We updated our (long ongoing) inflation expectation series right after the Federal Reserve raised rates for the first time since 2006, when all breakeven rates up to 30 years out were topping out at less than 1.7% for a year. So, let’s update our readers again – especially you US Government debt buyers and especially […]
One of the topics we like to revisit time and time again is our calculation of the inflation, measured in CPI, that the market is expecting over various timeframes. We most recently looked at inflation expectations at the end of August, and noted a recent uptick. In fact, you don’t even have to wait for […]
On this page is an inflation expectations calculator. Using breakeven rates on nominal and inflation adjusted notes in constant maturity debt, we show the market’s inflation expectations. What are current inflation expectations? Below is the inflations expectations tool showing the market’s current prediction for forward inflation. Numbers are annualized, in percent, over the next x […]
One important thing to have an idea of – for personal and business reasons – is the amount of inflation expected in the future. Think about it – by having a reasonable number to plan for the erosion of the value of your money, you will better be able to make decisions on what loans to take out, what purchases to make, and how to invest.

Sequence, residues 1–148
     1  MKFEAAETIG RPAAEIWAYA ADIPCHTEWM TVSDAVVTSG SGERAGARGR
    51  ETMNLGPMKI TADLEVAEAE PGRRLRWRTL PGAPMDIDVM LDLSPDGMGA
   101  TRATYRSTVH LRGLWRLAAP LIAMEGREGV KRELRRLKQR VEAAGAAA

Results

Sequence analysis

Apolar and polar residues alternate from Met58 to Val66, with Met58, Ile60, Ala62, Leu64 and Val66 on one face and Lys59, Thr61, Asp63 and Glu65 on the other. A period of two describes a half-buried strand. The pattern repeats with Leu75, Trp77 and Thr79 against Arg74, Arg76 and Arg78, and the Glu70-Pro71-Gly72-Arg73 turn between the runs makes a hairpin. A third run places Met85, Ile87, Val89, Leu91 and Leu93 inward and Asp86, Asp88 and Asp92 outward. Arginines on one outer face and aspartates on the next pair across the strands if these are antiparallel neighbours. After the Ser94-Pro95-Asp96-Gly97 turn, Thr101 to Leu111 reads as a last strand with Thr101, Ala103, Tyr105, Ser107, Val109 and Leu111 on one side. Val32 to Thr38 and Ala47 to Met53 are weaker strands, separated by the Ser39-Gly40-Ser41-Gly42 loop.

Luckily for you, there are a few ways to gauge these predictions, which don’t resort to guessing, praying, or going to a fortune teller. The methods are also more sophisticated than taking the last few years worth of data, drawing a trend line, and attempting to extrapolate future results.
Media and fellow bloggers alike enjoy bemoaning the hazardous plague of inflation. I will show that not only is this argument not grounded in reality, but that it also ignores many ancillary benefits of an inflationary rate: spending encouragement, debtor relief and avoidance of a deflationary spiral.
In an earlier article, I detailed how you could check on inflation expectations using information publicly available from the Department of the Treasury. Using the data they provide, it is simple to calculate the market’s expectations for inflation over the next 5, 7, 10, and 20 Year periods. Let’s take another look not at the 2009 inflation rate, but the expected inflation rate of the future viewed through ‘2009’ colored glasses.